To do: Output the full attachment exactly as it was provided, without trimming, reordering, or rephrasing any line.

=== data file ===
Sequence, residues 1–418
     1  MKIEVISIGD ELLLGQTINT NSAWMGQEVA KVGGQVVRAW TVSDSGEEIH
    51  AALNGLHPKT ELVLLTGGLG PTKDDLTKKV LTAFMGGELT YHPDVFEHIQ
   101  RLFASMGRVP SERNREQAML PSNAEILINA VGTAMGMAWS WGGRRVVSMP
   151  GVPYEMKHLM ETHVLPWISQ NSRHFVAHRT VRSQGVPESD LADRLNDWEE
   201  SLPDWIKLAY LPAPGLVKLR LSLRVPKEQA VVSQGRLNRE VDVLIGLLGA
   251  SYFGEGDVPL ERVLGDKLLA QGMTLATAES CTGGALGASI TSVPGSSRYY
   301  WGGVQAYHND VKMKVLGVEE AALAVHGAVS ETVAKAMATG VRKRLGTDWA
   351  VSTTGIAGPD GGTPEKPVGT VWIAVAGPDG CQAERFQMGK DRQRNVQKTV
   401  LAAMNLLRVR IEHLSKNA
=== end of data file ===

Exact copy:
Sequence, residues 1–418
     1  MKIEVISIGD ELLLGQTINT NSAWMGQEVA KVGGQVVRAW TVSDSGEEIH
    51  AALNGLHPKT ELVLLTGGLG PTKDDLTKKV LTAFMGGELT YHPDVFEHIQ
   101  RLFASMGRVP SERNREQAML PSNAEILINA VGTAMGMAWS WGGRRVVSMP
   151  GVPYEMKHLM ETHVLPWISQ NSRHFVAHRT VRSQGVPESD LADRLNDWEE
   201  SLPDWIKLAY LPAPGLVKLR LSLRVPKEQA VVSQGRLNRE VDVLIGLLGA
   251  SYFGEGDVPL ERVLGDKLLA QGMTLATAES CTGGALGASI TSVPGSSRYY
   301  WGGVQAYHND VKMKVLGVEE AALAVHGAVS ETVAKAMATG VRKRLGTDWA
   351  VSTTGIAGPD GGTPEKPVGT VWIAVAGPDG CQAERFQMGK DRQRNVQKTV
   401  LAAMNLLRVR IEHLSKNA